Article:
For 41 years, families in the Spanish capital of Madrid have kicked off the Christmas holidays by gathering behind the big El Corte Inglés department store to watch giant, singing puppets.
The store’s “Cortylandia” show has treated festive crowds in the past to depictions of Gulliver’s Travels, Noah’s Ark and Aladdin among many others. But this year, as all the world battles a killer virus, the tradition has been replaced with a light display that simply reads: “Merry Christmas.”
The loss of a beloved 15-minute puppet show is among traditions in the traditionally Catholic country being altered or even eliminated, as the government tries to stay a step ahead of its physically demonstrative people, and a virus that has killed 45,069 to date here.
Spain’s lengthy holiday season lasts roughly a month — a marathon of family and friend gatherings — ending on Jan. 6, with the Feast of the Three Kings, which is traditionally the biggest gift-giving day in the country. On Jan. 5, families line city towns and streets all over the country to watch the Kings’ Day parade, whose roots date to the 1800s. But that crowning glory of the season has already been canceled or switched to virtual in many places.
The local government in Madrid, a region that has been hit hardest by both waves of the COVID-19 pandemic, recently embarked on a dour holiday information campaign, with messages such as: “Family gatherings without protection could bury your grandmother,” or “Breaking the rules could put your best friend in intensive care.”
That is as the past weekend saw crowds pour into Madrid’s center to shop and look at festive lights, as police used barricades and overhead cameras to reduce crowds. In Plaza Mayor, long lines stretched around a much-smaller, traditional Christmas market, which was also hemmed in by blue metal gates.
Spain has tried to sidestep another lockdown, such as the one in the spring that left children trapped indoors for six weeks. Officials have mostly relied on midnight curfews, six-person limits on gatherings, and regional border closures to counter an autumn surge, with schools open throughout and masks mandatory since summer. One possible plan being mulled is 1 a.m. curfews for Christmas and New Year’s Eves, and perhaps an urging against nonessential travel.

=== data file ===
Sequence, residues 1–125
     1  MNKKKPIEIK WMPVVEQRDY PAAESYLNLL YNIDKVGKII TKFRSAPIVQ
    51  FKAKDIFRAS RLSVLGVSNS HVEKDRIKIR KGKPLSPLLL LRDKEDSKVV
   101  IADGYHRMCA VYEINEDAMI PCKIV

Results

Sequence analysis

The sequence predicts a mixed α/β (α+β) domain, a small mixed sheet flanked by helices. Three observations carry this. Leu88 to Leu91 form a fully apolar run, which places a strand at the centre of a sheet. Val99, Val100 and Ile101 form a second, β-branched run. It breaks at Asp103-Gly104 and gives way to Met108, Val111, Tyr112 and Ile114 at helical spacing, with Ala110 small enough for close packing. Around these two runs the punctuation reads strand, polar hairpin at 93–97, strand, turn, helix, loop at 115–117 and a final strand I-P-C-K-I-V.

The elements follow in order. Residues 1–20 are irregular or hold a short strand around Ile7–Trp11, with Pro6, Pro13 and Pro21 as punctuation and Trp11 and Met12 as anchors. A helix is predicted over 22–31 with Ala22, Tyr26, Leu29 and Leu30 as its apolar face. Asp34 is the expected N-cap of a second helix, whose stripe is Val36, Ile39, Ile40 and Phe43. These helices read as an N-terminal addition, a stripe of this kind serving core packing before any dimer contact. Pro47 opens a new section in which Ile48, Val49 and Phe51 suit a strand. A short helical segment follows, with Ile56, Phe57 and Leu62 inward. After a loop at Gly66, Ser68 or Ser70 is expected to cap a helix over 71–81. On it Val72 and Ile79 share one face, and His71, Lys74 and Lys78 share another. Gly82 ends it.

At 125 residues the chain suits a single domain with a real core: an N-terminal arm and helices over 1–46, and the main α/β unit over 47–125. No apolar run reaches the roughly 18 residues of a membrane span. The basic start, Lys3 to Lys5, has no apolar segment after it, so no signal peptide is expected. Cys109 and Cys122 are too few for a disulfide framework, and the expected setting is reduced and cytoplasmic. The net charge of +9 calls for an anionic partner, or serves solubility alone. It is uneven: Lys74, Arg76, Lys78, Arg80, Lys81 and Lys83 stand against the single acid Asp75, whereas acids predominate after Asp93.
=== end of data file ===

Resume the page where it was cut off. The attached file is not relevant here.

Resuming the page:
Announcing a vaccination plan that will start in early 2021 and involve six major pharmaceutical companies, Spain’s health minister Salvador Illa Roca recently implored a weary population to hang in there. “We understand that everyone is now a little tired of so many months with big restrictions and losses, but…we cannot let our guard down now,” he said.
And there has been some good news. As of Monday, Spain’s 14-day cumulative number of cases per 100,000 population stood at 275.51, inching toward levels not seen in more than a month. Death rates and hospitalizations are also dropping.
Like elsewhere, Christmas will be a crucial COVID-19 test for Spain, where many are clearly happiest in a crowd and big family gatherings are the norm. But while it seems many in the U.S. were blindsided by a warning not to travel at Thanksgiving, holiday expectations appear low here.
Hair stylist David Henry Lesur Depret, who runs two hair salons in Madrid with his partner Atilio Künzle, is planning on a small Christmas in a year that has seen an intense focus on staying well and keeping his businesses going.
That is as the year may end on a quieter than usual note, because of the dampening effect the virus will have on what is normally a busy holiday season.
“We are going to stay in Madrid in the house with one friend and that’s it. I don’t want to travel or bring people here,” and that includes a brother in France, he said. “I don’t want to worry about it, so he’s not coming and…he will be alone, but at least he will be safe.”
With such huge uncertainty about what will be possible, it is virtually impossible to plan right now, says Ana Ramos. She and her husband, Jose Alberto Trabanco, own Santa Eulalia, a popular, rustic cafe and bakery near the Royal Theater that boasts high ceilings and glass floors, revealing part of Madrid’s ancient city walls.
Ramos is determined to preserve some traditions and Christmas magic for their nearly 8-year old daughter, while keeping her live-in 97-year-old father-in-law safe.
“We’ll try to go for a walk and not be sad,” she said. “It will be Christmas with masks with whatever we need. If we are four in the house, well, we are four.”
But Ramos holds just threads of hope about seeing her parents in Burgos, located in the northern community of Castille and León, currently a highly infected region in Spain with the strictest restrictions. “They can’t leave and we can’t enter and this worries me because I would love to see them for the holidays. I haven’t seen them since August,” she said.
Still, she counts her blessings, which include the steady stream of loyal, local clientele who have kept the cafe going this year. A small Christmas will do, she says.
“You have to think positive, though sometimes it’s hard, I imagine we won’t see them for Christmas, but my parents are well, safe and cared for, and this helps me,” said Ramos.